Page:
Masai Ujiri says youthful Raptors are 'a growing team'

Toronto Raptors president Masai Ujiri knows his team will be a target in the upcoming season coming off their third Atlantic Division title. "You have to build again and figure out a way to win," he says, "because everybody's coming at you in the NBA."

Core of Toronto squad remains intact coming off most successful NBA season

The decision to sign a multi-year extension with the Raptors was an easy one for team president Masai Ujiri after Toronto won 56 games last season and lost to Cleveland in the NBA Eastern Conference final. "I love it here. I really do. Toronto is home for me." (Chris Young/Canadian Press)

The decision to sign a multi-year extension with the Toronto Raptors was an easy one for MasaiUjiri.

Coming off of the franchise's most successful season ever certainly helped. But the city itself made the choice to stay put a no-brainer for the club's president.

"I love it here. I really do. Toronto is home for me," Ujiri said in an interview this week at his office overlooking the courts at the Raptors' training facility. "We don't go to another home in the States or somewhere else. This is our home. And I love the organization, I think they've treated me well. They've given it their all.

"It's humbling for me for them to come to me and say: 'Hey, let's do this.' And then the city, the fans, everybody — what else can you ask for?"

Under his new deal, which was announced Sept. 2, Ujiri continues to oversee basketball operations as club president, with Jeff Weltman assuming the general manager title Ujiri previously held. Bobby Webster was also named assistant general manager and vice-president basketball strategy.

There were 29 teams that did not win [an NBA title] last year, and we were one of them. The goal is to win.- Raptors president Masai Ujiri, who recently signed a long-term contract extension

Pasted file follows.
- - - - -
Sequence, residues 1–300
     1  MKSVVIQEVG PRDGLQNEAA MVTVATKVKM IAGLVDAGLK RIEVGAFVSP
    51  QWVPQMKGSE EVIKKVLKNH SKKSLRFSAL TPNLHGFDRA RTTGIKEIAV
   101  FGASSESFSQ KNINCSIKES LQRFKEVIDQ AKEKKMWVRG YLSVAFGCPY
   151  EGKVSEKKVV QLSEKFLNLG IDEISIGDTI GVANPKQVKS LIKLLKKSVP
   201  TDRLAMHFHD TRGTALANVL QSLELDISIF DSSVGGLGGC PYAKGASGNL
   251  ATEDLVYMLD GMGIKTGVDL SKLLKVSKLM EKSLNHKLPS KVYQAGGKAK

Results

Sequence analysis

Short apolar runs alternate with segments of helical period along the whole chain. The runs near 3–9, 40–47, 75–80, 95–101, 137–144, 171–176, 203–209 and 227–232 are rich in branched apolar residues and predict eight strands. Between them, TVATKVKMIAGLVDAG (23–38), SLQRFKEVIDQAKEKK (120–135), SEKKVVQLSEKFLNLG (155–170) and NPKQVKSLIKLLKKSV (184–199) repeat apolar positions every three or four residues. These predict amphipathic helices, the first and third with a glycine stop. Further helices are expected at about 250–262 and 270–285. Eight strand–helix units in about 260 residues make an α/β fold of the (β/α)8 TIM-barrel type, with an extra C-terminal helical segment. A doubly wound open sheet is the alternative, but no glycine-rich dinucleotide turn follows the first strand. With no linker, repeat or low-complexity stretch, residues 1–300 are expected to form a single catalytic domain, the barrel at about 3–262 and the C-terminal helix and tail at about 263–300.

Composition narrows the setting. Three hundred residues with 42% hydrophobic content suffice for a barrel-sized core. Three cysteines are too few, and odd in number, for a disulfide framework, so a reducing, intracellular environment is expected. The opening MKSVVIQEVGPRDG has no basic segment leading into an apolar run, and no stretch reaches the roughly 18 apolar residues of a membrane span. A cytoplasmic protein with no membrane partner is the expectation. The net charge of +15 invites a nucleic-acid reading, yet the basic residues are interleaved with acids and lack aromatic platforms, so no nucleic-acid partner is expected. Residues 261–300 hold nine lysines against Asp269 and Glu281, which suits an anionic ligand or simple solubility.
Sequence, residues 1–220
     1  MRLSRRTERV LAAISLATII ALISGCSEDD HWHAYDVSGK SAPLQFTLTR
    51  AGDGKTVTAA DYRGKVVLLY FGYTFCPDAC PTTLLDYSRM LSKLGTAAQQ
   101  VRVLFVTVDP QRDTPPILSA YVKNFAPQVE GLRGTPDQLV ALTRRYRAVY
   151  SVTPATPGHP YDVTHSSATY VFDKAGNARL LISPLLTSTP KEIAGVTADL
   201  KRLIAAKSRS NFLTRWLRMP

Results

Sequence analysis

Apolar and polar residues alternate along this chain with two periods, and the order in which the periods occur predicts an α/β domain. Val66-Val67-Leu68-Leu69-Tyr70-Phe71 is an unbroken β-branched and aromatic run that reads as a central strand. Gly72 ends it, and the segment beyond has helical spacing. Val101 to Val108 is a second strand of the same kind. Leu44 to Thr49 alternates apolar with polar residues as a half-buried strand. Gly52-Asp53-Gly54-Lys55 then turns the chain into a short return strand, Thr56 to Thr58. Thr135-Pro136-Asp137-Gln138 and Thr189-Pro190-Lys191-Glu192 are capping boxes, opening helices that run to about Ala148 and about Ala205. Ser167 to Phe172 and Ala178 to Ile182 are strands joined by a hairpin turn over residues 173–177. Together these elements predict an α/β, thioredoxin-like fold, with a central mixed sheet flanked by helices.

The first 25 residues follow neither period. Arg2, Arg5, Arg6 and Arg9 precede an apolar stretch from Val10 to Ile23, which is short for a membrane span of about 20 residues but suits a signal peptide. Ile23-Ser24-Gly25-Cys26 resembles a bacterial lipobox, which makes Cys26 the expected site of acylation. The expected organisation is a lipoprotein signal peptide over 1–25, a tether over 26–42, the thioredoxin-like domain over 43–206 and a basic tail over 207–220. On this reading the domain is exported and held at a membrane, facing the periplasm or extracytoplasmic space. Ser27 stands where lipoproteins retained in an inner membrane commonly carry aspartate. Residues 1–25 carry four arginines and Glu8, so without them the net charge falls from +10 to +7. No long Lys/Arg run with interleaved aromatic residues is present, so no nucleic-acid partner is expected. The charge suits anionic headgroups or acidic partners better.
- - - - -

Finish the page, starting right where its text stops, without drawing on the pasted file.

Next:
The Raptors have captured three consecutive Atlantic Division titles and had three straight seasons of franchise-high wins, including 56 victories last season when they lost to the eventual NBA champion Cleveland Cavaliers in the Eastern Conference final.

"We have 10 players who are 25 years and younger. We are a growing team," said Ujiri. "To build a winning culture, you are going to have to prove yourself. You are going to have to go and grind it out.

"The last time I checked there were 29 teams that did not win last year, and we were one of them. And so the goal is to win."

The core of last year's team remains intact, led by guards Kyle Lowry and recently re-signed DeMar DeRozan.

Busy off-season

"What an unbelievable year for both of them," Ujiri said of the duo. "They're all-stars, they get to the Eastern Conference finals, they're gold medallists [with the U.S. Olympic men's basketball team.]

"When I texted with them and we talked about the championship, that's where their minds should be, to be set. They're building themselves to be that calibre of players. They should start thinking about competing to the highest level.

"Many things have to come together, but you had what we had last year. Now you have to build again and figure out a way to win, because everybody's coming at you in the NBA."

The Nigerian-born executive, who joined the Raptors in 2013, is keeping busy with his responsibilities outside the Raptors' head office as founder of Giants of Africa, which seeks to educate and enrich the lives of youth in countries throughout the continent.

Ujiri spoke of his passion for the non-profit organization ahead of Friday's world premiere of the documentary "Giants of Africa" at the Toronto International Film Festival.

Award-winning Canadian documentarian Hubert Davis turns his lens on the philanthropic efforts of Ujiri, as well as the camps organized in several African countries to help youngsters hone their skills in basketball and as the next generation of community leaders.

Retired Congolese NBA star Dikembe Mutombo stopped by a camp in Senegal this year and "got the kids all jacked up," said Ujiri. Many Raptors have also an expressed an interest in participating, but Ujiri said he doesn't want anyone to feel it's an obligation as part of the team.

"It's a fine line, because this is personal to me," said Ujiri. "I'm from there. This is something in my heart, and I don't want to impose that on others. So, I'm respectful to them, and I've never really built it around players going over there.

"I'm sure they have their foundations, they have other things that they have to do, and right now, I just keep it at coaches and instructors that will go back and help as you can...

"I'm sure we'll get players here and there as it grows."


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